WEDNESDAY, Dec. 11, 2019 (HealthDay News) -- American seniors living in rural areas face a higher risk of hospitalization and death, and a lack of medical specialists may be the reason why, researchers report.
"People on Medicare with chronic conditions such as heart failure or diabetes who live in rural areas have higher death and hospitalization rates than their urban peers," said study leader Kenton Johnston. He's an assistant professor of health management and policy at Saint Louis University College for Public Health and Social Justice.
"The biggest reason for this appears to be that people in rural areas have less access to specialist physicians like cardiologists and endocrinologists," Johnston said in a university news release.
He and his team examined 2006-2013 Medicare claims data on patients in rural and urban areas with heart disease, diabetes and other chronic conditions, and compared that with hospital data.
Of the patients in the study, 10% lived in a rural area, defined as a town with less than 10,000 people.
Compared to urban patients, rural patients had a 40% higher rate of preventable hospitalizations and a 23% higher death rate.
Patients who saw a specialist at least once in addition to a primary care provider were 15.9% less likely to be hospitalized for a preventable cause and 16.6% less likely to die than patients who saw only a primary care provider.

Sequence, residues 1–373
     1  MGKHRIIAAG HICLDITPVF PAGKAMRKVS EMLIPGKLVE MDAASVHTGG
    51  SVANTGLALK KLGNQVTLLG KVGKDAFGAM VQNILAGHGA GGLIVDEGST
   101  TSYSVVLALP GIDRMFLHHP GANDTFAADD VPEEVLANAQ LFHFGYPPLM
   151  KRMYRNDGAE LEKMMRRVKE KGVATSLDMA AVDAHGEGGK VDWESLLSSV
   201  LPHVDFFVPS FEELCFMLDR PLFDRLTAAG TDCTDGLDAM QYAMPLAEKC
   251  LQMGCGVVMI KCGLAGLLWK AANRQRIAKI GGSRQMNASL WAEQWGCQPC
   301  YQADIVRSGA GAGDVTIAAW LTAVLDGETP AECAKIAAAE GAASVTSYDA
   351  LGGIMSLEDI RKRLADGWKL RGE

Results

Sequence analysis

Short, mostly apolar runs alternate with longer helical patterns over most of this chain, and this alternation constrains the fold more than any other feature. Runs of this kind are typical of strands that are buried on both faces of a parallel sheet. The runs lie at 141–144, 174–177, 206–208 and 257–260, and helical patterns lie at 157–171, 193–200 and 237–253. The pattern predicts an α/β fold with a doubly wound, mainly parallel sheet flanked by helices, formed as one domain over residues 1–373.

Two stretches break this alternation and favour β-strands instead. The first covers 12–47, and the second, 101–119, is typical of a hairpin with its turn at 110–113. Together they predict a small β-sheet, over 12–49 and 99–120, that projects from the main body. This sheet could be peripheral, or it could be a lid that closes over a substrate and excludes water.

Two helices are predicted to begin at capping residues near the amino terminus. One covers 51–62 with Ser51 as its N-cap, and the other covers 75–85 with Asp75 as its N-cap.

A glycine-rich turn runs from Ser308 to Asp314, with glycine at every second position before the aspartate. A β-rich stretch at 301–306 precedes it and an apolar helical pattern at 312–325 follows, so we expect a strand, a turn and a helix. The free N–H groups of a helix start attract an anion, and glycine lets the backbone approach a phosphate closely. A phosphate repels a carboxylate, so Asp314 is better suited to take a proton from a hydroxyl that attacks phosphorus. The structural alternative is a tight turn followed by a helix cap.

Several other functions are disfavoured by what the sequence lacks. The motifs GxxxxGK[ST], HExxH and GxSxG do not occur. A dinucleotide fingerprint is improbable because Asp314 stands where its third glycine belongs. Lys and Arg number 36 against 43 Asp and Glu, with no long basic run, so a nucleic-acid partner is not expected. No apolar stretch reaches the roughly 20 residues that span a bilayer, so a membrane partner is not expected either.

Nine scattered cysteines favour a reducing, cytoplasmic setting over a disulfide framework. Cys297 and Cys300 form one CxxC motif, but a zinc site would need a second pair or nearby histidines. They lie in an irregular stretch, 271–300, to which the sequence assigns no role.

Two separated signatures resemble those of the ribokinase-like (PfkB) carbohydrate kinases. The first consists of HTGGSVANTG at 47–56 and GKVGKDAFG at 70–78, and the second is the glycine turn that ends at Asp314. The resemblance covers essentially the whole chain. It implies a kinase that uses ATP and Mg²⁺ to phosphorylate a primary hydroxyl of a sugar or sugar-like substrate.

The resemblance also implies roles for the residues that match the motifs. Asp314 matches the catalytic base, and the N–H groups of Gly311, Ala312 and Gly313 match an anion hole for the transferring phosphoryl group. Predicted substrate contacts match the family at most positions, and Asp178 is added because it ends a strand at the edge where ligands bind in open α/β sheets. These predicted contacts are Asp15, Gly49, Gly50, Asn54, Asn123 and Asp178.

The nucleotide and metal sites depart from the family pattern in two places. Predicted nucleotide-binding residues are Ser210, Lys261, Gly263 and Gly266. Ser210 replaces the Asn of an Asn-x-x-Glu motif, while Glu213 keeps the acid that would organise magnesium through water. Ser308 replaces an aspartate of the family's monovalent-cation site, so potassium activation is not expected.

The study appears in the December issue of the journal Health Affairs.
The findings have implications for all Medicare patients with chronic conditions, according to the researchers.
"Our research shows that all Medicare beneficiaries with chronic conditions -- urban and rural -- have lower death and hospitalization rates when they visit a specialist at least once annually," Johnston said. "Primary care is important, but it is not enough by itself; specialist care is needed as well."
The study authors suggested a number of ways to improve rural patient access to specialists, including: expanding telemedicine; incentives for physicians to practice in rural areas; higher pay for specialists who practice in rural areas; and bringing urban specialists into rural health systems on certain days.
The U.S. National Library of Medicine has more on rural health concerns.
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